The trip was smooth, they drove nicely, and I didn’t get to live my nightmare of being in a SUV driven at 180 KM/HR on two side wheels. Soon, the city of Medina dawned upon me. The brothers lived there, and it was great of them to offer me tea at their place, which I gladly accepted because the hunger pangs in my stomach. While paying my regards and saying goodbye, I asked them about a good place where I could stay a night without breaking the bank. They gladly shared a hostel’s name, which offered excellent bedding and breakfast at affordable rates. So, I headed there right away and booked my slot. Then I went to explore the city and visited the holy mosque. I tried some local street food there, which was too delicious and amazing.

The next day, I decided to move to my next destination, Jeddah. All my time in Mecca and Medina, I had one question in my mind: how can someone perform Umrah and visit the holy cities without too much hassle? I then realized that many people hire an Umrah Travel Agency that takes care of everything for them. The Umrah deals from such companies include flights, hotels, guided tours, and Mecca-to-Medina transportation.

The Majestic Jeddah

I checked train ticket prices from Medina to Jeddah. The lowest price I got was around 70 pounds. This was too much for me, so I decided to hitchhike from Medina to Jeddah again. The journey was not too smooth this time as I had to switch 3-4 rides. This time I got the taste of crazy Saudi driving famous all over the world.

I covered a distance of 4 hours in 8 hours, but I saved a handsome amount of money that I spent on living and food for the next three days in Jeddah. Jeddah is a commercial hub and a true reflection of modern-day Saudi Arabia. The megacity is lined with high-end hotels, beautiful beaches, and various sculptures that show the country’s history and culture.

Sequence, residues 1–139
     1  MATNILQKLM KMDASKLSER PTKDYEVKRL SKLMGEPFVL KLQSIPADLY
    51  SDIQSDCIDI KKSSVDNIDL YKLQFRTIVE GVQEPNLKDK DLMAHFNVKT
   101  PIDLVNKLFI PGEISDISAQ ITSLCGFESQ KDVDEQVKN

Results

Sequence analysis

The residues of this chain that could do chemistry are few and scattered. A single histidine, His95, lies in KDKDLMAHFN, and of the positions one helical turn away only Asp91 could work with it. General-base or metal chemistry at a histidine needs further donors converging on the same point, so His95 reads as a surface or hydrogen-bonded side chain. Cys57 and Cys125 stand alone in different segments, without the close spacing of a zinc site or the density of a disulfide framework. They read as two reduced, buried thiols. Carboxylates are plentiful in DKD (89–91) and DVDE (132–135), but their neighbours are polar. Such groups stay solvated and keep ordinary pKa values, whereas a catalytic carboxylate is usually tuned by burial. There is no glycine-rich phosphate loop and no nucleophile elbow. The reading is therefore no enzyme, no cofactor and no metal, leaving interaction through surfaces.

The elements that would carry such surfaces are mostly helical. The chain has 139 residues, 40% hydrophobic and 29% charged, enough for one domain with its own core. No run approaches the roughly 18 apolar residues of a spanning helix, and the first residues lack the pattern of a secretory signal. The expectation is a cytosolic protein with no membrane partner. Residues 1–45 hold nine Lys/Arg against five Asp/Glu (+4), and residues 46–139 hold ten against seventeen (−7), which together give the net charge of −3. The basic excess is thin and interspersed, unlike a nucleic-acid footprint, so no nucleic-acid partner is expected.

I started my tour with Al-Balad, a historic town dating back to the 7th century that has homes built with coral. Then I explored King Fahad’s Fountain and took some amazing pictures. The other attractions I visited were Red Sea Mall, Jeddah Corniche, Mall of Arabia, Fakieh Aquarium (an underwater aquarium), Silver Sands Beach, and Al Rahma Mosque. The most notable and costly activity was a desert safari on a quad bike.

My 3-day stay in the city was as entertaining and adrenaline-kicking as a visit to any top tourist attraction in the world. I used a local taxi service and hitchhiked to get to my destinations. If you are visiting this city, make sure you chalk out the activities you want to do and arrange them in a sequence so you don’t have to traverse through the city’s corners.

Back to Opulent Riyadh